In an exclusive report, The Athletic’s Shams Charania and Alex Schiffer detail the final days of Kenny Atkinson’s tenure, suggesting two team meetings last week — one at halftime of Tuesday’s game against the Celtics in Boston, the other the next night after the Grizziles blew them out at Barclays — led to the ouster.
In particular, Charania and Schiffer write, the second meeting saw players level charges both against the coach and each other. No one, the two write, held back.
Atkinson walked into the postgame locker room, sat down in a chair and told his players and staff: It’s time to air out our grievances.
The Nets held a spirited team meeting, according to sources, starting with several veterans expressing that they wanted to see Spencer Dinwiddie play like the player they know, and later with people in the room calling out Dinwiddie and DeAndre Jordan. Then perhaps the most critical thing of all happened: Sources say Durant chimed in, pointing out that the Nets must improve their habits and that they were not building the proper culture traits necessary for a title contender.
Although Charania and Schiffer write that Durant and Kyrie Irving “didn’t connect” with Atkinson and had doubts about playing for him, the more direct issue between the coach and his new players concerned DeAndre Jordan. The 31-year-old had started more than 800 straight games going back to 2011 and expected that would continue with the Nets.
Jordan has said throughout the season that it’s been an adjustment for him to come off of the bench, but has tried to make the best of it. Allen has said all the right things and said he’s enjoyed learning from him and wouldn’t want Jordan benched in his favor if it affected the team’s success. After splitting minutes throughout the season, Jordan overtook Allen in February in terms of minutes played by a handful.
But Atkinson apparently lost more than just his new players.
During Wednesday’s spirited postgame meeting, the players did not shy away from critiquing Atkinson, expressing to the coach that they wanted him to identify roles better, communicate the team’s hierarchy better, change what needs fixing and not settle for the status quo. It summed up the growing displeasure with Atkinson’s communication levels, as well.
“It was a come-to-Jesus moment,” one source with knowledge of the meeting said. “It was an honest conversation where everyone tried to make things right.”
But it didn’t make things right, according to Charania and Schiffer. Atkinson was stubborn and changes to his offense in particular.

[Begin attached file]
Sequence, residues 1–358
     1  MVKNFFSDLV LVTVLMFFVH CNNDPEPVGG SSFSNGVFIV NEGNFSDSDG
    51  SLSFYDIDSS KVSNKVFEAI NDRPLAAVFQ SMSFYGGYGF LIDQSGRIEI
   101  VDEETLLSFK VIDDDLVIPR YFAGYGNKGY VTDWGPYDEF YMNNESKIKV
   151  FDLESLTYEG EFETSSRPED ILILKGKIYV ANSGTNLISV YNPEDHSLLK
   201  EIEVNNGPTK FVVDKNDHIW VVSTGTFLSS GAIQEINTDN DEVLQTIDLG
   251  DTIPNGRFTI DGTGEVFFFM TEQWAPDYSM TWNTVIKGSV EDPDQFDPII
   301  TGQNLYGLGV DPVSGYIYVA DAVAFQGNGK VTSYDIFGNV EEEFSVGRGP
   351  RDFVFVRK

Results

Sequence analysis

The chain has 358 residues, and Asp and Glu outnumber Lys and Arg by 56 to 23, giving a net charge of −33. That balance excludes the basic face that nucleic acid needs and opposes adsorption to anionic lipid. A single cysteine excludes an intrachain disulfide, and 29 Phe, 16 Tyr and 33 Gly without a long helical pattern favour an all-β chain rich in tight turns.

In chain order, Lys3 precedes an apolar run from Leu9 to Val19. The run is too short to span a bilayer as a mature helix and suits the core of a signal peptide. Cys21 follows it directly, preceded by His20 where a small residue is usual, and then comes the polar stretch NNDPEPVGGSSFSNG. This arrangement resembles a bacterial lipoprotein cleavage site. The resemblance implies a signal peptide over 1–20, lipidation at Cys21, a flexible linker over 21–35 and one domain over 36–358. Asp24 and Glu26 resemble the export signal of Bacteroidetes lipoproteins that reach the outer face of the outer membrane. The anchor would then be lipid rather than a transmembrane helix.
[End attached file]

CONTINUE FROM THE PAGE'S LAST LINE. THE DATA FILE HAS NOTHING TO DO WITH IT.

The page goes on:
This aftermath of Wednesday’s meeting was going to go one of two ways. Either Atkinson would return to the team setting more motivated to fix the issues the players had — or Atkinson would lose confidence in himself as the head coach and lose grip of the team. Sources described Atkinson as dejected, and in the two days that follow he is said to have talked to people about not allowing anyone to dictate his job, about going out on his own terms if necessary, with two years guaranteed left on his contract.
Things came to a head on Friday at HSS Training Center.
The straw that broke the camel’s back came Friday at the practice facility, when GM Sean Marks and Atkinson discussed his waning voice with the team. One source said the final decision to part ways was not made until late Friday night and into Saturday.
Even in his final days as head coach, Atkinson told people that if he were going to be fired, he was going to depart on his terms. An offseason dismissal was almost inevitable, and so Atkinson made it known: If you’re going to fire me, just let me out now.
Charania and Schiffer do not mention Joe Tsai’s role —he had to have one. Nor what direction do they believe the Nets will take next. He does say that “Brooklyn is committed to Vaughn and seeing this current staff through” and that the organization believes in the coaching staff’s commitment.
Bottom line, he writes, is that despite what happened this weekend, the Nets remain an attractive destination for coaches ... and players.
These Nets still have two of the sport’s top players, a creative front office intact and championship-contending aspirations going into next season, but a part of their fabric left on Saturday.
“I would’ve loved to have Kenny here long-term,” Marks said during a news conference on Saturday. “It was time for another voice in that locker room.”
A new culture will emerge in Brooklyn. It will just no longer be Atkinson’s.
- Inside all that went into the Nets and Kenny Atkinson parting ways - Shams Charania & Alex Schiffer - The Athletic NBA
- A coaching change was inevitable once the arrival of stars altered Nets culture - Michael Lee - The Athletic NBA
- On the Kenny Atkinson split up and what’s next for the Nets - John Hollinger - The Athletic
- Kenny Atkinson’s Firing Is The Latest Example Of Fragility In The World Of Coaching A New York Team - Larry Fleisher - Forbes Sports